.ForMember(dst => dst.YearsOld, opt => opt.MapFrom(src => src.Age));
 
 cfg.CreateMap<TeamViewModel, TeamDTO>()
 .ForMember(dst => dst.TeamName, opt => opt.MapFrom(src => src.Name))
 .ForMember(dst => dst.CoachFullName, opt => opt.MapFrom(src =>   src.ManagerFullName));
});

config.AssertConfigurationIsValid();
var mapper = config.CreateMapper();
TeamDTO DTO = mapper.Map<TeamDTO>(TeamViewModel.getTeamViewModel());

The first block would go in global.asax or similar. The second block is used throughout your application to actually do the conversions from source to destination objects.

two way automapper mapping with child properties mapped too

Quite often in our development projects which use automapper we will not only want to convert an object A to an object B but also from B to A. Think of a scenario using ASP.Net Web API and MVC for example where the web API returns a customerDTO which is converted to a customerViewModel and used to display a strongly typed razor view. On post back of that view we are going to want to turn the viewModel (if it’s valid) back into a customerDTO for passing to the web API PUT /Customer method for updating.

Very limited automapper two way mapping support

Automapper has very basic support for two way mapping out of the box via the ReverseMap() method which will allow you to reverse a map in one line rather than two like below:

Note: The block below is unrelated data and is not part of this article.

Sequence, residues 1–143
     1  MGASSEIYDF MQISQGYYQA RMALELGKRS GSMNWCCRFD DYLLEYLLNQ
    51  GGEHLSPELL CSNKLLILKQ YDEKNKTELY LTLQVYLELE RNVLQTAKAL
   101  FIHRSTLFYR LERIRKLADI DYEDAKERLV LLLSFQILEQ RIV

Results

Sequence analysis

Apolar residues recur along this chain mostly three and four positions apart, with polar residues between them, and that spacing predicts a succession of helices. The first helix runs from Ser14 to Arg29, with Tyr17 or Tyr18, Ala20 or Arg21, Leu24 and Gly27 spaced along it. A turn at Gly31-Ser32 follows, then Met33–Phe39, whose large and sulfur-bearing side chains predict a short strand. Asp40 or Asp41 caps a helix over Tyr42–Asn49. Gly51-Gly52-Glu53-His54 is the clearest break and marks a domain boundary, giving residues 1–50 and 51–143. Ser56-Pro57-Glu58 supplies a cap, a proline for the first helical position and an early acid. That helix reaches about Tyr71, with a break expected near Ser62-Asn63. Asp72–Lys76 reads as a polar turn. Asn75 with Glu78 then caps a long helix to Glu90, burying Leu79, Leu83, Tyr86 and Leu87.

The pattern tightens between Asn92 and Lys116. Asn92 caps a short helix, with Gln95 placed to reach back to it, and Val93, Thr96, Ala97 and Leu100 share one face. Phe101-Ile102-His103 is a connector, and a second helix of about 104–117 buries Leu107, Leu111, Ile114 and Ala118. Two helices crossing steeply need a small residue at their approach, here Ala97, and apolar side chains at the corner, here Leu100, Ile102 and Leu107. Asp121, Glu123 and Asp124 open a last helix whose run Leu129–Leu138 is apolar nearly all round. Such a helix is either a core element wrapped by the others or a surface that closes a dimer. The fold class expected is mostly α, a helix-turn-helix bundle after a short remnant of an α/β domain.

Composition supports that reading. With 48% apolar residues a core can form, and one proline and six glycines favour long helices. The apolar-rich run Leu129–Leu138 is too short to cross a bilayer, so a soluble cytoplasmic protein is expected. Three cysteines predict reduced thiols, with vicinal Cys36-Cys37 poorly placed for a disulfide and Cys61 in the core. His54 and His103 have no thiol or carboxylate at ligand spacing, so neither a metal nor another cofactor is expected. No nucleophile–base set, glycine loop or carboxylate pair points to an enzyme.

reverseMap

In the above scenario ReverseMap() makes things slightly cleaner but as the original A to B mapping is very simple we are really only saving a few characters. What however if A and B were not perfect mirrors of each other and we needed ForMember() overrides because the names from the two objects don’t map or we need to do anything other than simple assignment from source to destination? Unfortunately there isn’t anything that can help with this scenario as ReverseMap() doesn’t map these overrides so you need to manually do them. It would be nice for example if the first block below was equivalent to the second and third blocks combined as it would save a good bit of time.

automapper-not-eqiuvalent

Automapper 4.2 two way mapping support